2. Asking for money up front is NOT a no-no in big remodeling jobs or expensive custom projects.The traditional rule is: 1/3 up front, 1/3 halfway through (this is where you check for change orders, mistakes, add-ons, etc.) and 1/3 upon completion. Good independent contractors get stiffed all the time. The contractor plans on the payment schedule to cover his costs for special materials, such as custom wood or hardware for your cabinets, colored pavers for your driveway, special order paint or finishes, or special historic houseparts. The contractor cannot always front you for your expensive tastes or special orders that may exceed his estimates when transportation costs rise suddenly. If you have concerns about itemizing, ask for daily receipts or a work journal.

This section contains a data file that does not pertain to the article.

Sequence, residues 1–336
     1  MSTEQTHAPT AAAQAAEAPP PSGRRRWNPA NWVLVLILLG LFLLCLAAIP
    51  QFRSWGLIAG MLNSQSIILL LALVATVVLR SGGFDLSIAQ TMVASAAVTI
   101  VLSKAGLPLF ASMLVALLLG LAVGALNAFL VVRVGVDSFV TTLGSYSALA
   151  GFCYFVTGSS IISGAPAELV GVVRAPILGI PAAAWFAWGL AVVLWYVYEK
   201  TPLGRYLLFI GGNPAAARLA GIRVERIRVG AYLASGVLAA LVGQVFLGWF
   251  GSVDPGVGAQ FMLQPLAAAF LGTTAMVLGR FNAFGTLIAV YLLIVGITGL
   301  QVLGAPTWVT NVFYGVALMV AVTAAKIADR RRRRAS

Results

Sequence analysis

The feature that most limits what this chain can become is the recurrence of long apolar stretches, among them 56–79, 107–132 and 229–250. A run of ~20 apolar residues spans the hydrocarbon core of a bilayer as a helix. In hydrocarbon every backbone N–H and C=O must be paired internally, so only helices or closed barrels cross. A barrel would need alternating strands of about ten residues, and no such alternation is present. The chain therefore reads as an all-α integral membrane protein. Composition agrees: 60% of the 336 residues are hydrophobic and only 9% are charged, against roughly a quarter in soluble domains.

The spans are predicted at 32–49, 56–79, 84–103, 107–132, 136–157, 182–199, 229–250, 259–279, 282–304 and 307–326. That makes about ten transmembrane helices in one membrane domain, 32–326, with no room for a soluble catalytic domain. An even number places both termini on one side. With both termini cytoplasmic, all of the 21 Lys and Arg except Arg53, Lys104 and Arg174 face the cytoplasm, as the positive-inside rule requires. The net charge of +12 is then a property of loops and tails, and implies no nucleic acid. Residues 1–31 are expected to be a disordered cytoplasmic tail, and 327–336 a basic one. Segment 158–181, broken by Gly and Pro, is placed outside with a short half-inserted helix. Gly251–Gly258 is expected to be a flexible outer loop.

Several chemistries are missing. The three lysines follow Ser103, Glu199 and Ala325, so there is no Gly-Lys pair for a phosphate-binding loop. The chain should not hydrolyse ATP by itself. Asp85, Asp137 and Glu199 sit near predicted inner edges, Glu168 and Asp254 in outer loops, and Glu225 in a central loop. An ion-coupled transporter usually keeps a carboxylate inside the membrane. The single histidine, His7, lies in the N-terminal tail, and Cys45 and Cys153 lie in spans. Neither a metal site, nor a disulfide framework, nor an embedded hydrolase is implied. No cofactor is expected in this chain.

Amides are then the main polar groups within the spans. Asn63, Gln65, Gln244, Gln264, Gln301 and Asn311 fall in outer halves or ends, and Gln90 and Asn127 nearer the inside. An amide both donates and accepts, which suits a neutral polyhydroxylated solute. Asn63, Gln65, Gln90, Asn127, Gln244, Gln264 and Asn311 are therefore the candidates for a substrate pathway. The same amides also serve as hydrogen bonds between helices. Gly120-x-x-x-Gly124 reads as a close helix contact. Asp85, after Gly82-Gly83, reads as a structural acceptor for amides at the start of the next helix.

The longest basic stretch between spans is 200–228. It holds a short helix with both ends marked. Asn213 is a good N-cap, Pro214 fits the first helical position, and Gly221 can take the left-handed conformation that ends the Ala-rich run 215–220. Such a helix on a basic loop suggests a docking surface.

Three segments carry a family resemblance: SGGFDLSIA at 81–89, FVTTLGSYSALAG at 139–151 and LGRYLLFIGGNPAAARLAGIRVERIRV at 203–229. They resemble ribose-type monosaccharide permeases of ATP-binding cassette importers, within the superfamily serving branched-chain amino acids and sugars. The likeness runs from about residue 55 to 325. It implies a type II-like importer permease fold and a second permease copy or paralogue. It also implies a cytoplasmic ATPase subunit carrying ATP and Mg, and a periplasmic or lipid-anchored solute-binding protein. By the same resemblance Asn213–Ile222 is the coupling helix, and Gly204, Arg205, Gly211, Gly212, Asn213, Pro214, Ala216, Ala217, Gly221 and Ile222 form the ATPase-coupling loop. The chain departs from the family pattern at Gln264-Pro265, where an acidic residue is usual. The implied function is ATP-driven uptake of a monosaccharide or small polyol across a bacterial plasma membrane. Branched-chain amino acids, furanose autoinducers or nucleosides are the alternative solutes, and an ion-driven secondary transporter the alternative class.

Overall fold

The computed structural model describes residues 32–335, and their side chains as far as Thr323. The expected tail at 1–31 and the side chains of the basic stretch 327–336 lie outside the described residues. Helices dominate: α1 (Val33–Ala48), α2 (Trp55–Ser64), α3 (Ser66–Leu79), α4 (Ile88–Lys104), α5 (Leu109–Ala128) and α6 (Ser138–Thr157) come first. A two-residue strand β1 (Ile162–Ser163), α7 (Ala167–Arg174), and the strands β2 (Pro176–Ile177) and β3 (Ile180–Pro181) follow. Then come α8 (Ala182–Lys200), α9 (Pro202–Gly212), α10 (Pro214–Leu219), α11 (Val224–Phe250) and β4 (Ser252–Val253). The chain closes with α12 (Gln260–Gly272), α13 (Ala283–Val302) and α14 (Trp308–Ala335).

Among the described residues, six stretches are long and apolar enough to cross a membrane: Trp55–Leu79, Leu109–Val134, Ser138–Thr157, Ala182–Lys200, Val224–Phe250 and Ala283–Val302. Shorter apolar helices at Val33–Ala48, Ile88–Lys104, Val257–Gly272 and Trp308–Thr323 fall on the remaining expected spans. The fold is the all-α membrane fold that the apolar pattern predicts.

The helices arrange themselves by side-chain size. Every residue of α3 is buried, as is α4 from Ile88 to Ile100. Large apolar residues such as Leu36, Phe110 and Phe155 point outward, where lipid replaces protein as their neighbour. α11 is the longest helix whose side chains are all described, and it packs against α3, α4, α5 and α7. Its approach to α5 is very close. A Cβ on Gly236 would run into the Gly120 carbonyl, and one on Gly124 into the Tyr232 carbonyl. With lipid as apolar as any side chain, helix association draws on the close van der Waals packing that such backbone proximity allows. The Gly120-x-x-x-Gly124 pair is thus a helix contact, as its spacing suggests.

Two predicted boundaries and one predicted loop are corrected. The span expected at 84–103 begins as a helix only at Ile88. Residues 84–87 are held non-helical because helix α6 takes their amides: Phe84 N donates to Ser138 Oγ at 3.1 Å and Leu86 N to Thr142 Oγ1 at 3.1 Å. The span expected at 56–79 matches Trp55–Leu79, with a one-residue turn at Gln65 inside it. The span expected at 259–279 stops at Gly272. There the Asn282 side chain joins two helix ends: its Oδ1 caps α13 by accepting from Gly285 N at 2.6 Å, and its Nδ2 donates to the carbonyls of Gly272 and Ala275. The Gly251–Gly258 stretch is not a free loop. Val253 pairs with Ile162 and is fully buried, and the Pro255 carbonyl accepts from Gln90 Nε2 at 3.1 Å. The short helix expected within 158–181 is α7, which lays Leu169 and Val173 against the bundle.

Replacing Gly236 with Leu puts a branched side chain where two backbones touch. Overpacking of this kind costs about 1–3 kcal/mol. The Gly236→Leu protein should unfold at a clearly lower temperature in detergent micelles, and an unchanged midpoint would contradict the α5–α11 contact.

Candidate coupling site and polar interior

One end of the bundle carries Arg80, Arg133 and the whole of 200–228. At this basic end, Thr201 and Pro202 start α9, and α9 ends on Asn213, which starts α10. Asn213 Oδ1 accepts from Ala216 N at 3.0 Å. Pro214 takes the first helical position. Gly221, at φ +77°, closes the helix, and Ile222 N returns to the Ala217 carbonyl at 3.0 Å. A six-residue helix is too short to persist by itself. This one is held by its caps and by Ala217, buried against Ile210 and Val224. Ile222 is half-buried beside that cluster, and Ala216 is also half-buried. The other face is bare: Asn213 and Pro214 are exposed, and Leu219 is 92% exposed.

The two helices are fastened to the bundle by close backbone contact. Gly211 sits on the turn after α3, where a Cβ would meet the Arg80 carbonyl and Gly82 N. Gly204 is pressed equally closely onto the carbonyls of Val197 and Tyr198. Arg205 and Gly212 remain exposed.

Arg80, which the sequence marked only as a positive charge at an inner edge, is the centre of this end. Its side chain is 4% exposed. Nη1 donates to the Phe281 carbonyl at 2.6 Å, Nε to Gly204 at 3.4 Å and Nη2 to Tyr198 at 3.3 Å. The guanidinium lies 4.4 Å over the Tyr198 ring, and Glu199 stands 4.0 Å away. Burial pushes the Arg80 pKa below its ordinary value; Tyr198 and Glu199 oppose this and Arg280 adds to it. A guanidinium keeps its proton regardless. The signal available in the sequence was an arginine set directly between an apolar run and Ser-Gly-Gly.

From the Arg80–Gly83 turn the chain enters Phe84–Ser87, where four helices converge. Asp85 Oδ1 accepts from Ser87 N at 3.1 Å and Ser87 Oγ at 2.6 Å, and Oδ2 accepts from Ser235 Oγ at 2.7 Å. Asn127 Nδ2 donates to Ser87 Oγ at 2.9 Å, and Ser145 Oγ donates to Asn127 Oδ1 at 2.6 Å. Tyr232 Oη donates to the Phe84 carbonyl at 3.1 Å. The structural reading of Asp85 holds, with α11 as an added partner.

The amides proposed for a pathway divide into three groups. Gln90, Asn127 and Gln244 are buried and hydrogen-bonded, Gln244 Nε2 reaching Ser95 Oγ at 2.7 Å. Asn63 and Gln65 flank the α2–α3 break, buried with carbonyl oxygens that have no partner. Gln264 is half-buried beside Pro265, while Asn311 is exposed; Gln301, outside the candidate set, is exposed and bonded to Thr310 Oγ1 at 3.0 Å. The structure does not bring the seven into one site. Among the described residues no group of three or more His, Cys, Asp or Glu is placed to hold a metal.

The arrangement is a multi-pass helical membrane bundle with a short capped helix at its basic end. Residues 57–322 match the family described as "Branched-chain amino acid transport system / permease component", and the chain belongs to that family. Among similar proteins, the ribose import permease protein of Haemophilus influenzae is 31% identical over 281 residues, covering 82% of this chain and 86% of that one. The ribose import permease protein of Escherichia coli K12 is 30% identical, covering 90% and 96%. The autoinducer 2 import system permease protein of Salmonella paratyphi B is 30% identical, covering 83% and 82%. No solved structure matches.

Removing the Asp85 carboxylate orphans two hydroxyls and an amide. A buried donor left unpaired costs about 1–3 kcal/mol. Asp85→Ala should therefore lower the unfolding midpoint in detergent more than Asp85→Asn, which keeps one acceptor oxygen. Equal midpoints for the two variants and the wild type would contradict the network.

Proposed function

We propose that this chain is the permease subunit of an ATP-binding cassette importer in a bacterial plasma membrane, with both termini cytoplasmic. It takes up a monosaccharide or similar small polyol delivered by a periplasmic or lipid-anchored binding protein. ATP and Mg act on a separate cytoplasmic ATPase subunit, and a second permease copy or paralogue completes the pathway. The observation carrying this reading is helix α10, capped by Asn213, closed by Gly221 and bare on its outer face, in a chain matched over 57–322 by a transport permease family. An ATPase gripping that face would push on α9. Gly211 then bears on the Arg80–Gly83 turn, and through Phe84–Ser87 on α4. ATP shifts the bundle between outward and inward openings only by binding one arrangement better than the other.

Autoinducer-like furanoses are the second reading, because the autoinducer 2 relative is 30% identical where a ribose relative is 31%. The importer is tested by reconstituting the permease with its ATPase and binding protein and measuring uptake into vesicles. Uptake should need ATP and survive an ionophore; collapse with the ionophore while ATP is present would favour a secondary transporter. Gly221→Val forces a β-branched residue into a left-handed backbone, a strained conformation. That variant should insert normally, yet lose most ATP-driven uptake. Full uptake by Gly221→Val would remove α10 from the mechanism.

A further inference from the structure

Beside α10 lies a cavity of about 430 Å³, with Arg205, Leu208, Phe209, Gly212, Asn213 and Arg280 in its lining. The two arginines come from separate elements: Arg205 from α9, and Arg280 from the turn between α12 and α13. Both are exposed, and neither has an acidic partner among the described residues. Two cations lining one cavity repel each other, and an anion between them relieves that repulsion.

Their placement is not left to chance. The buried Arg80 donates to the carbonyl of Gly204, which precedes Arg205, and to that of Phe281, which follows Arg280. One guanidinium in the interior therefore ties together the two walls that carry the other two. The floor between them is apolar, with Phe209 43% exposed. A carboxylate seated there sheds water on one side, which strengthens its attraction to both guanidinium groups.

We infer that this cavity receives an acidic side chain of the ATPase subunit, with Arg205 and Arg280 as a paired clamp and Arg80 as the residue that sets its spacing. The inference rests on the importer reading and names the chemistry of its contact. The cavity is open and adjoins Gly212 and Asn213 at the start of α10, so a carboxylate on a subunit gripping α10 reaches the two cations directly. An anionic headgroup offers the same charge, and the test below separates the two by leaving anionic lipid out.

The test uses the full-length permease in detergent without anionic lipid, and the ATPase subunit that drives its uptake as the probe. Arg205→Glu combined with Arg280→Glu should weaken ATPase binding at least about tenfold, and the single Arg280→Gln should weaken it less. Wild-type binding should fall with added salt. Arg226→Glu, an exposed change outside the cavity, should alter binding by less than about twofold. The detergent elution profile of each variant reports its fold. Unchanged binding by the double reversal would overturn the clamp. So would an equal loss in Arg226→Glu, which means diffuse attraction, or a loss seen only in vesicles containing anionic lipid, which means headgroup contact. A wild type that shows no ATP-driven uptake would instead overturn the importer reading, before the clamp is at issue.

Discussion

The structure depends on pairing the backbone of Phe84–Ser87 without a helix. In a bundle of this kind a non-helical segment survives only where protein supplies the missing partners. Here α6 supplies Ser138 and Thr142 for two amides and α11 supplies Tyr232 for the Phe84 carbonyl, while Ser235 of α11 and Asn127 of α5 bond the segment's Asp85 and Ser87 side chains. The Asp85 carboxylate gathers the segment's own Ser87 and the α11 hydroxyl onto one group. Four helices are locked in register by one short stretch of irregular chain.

3. Show the contractor pictures of what you want. Be specific. It is easier for a contractor to try to match a picture than try to read your mind. If you want a tree cut down, did you ask him to haul the wood out, too? If he's putting in a furnace, who's taking the old one out? The old adage about not assuming rings true.

  4. Plan ahead. Don't call someone to make a mantel for Christmas stockings in November.He has customers who called in October and put down a deposit. If he does manage to fit you in and get your rush job done, pay him in cash.

  5. Don't judge a book by it's truck. "Work trucks" should look like that. Ours is about 15 years old, with a trailer hitch for the tool trailer and materials. Look for solid carrying racks, good tires, and a trailer hitch. A rusted-out junker, however is a pretty good sign that he's a hack. Any kind of sedan means it's his first job.